However, the family further unravels because Noah Joad leaves them soon. As the Joads stop by the Colorado River on their way to California and the men want to refresh themselves in the water, Noah undergoes a kind of baptism. He then voices his intention of being different from the other Joads and to lead a life of his own. He rejects their way of living and wants to “abandon the belief system many Oakies adhere to”.22 Therefore, he refuses to go on with them. In fact, Noah is very much attracted to the water. Hence, he “[l]ike[s] to lay [in the water] forever. Never get hungry an’ never get sad. Lay in the water all life long, lazy as a brood sow in the mud” (Ch. 18, p. 239). He wants to walk down the river and live solely by fishing. Thus, one might say that Noah “is baptized into a new life separating himself away from the Joads and migrants alike”.23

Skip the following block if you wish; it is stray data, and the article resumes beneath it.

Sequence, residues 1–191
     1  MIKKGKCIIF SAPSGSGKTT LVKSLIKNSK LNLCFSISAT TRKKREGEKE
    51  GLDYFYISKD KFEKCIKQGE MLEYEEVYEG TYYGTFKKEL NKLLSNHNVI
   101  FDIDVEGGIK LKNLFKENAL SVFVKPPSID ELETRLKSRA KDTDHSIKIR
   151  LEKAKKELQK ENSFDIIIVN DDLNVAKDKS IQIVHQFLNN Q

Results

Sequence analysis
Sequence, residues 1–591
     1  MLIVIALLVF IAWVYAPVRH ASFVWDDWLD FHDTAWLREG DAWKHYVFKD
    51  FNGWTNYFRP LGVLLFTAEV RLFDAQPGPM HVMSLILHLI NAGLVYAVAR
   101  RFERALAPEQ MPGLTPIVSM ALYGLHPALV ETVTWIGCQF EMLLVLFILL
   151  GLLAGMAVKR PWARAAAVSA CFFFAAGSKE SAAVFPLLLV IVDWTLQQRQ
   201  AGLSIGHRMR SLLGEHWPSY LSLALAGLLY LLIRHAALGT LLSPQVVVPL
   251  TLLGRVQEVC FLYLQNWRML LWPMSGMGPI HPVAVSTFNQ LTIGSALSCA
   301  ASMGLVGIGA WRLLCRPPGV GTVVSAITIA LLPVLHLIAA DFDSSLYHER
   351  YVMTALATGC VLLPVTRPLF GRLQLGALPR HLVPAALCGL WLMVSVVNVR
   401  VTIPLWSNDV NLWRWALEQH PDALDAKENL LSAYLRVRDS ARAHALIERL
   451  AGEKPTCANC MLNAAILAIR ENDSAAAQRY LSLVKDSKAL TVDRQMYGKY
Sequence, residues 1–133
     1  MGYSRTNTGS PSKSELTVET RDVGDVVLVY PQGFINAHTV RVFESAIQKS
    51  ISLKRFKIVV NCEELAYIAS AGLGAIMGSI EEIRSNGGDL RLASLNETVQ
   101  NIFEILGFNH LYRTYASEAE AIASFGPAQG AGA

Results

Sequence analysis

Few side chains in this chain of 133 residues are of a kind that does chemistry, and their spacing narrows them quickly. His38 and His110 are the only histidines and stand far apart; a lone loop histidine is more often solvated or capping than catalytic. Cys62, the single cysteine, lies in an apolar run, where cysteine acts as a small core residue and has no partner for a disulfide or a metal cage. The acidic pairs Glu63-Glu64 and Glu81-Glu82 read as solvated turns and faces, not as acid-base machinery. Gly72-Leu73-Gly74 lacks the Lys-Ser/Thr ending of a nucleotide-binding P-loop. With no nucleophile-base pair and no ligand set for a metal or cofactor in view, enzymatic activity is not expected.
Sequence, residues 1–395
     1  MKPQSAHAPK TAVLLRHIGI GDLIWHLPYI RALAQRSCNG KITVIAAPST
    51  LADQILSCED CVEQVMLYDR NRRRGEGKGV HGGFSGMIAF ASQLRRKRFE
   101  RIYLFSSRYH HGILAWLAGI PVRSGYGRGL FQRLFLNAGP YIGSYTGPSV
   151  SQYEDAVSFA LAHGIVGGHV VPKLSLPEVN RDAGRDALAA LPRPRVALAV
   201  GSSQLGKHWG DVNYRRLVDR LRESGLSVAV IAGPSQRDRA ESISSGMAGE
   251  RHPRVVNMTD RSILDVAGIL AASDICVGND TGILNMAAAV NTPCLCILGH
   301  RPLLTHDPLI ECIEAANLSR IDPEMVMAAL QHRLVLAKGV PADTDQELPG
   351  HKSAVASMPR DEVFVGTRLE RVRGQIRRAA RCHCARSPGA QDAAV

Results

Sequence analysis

In fact, water is a very important symbolic element in this novel. Not only is Noah baptized by the water but the Joads also become symbolically baptized as they stop at the Colorado River before crossing the desert. To the Joads the river becomes an “experience of initiation and naming”.24 For at the river, the Joads are given new names, they become “Oakies” (cf. Ch. 18, p. 241). Thus, the reality of becoming migrant laborers in California draws nearer to them. Similar to the Israelites who had to cross the Red Sea, the Joads are expecting hope and a brand-new life on the other side of the river. However, “like those fleeing Egypt, the Joads are made to wait for their reward”25 and encounter many difficulties and hardships just like the Hebrews in the Exodus.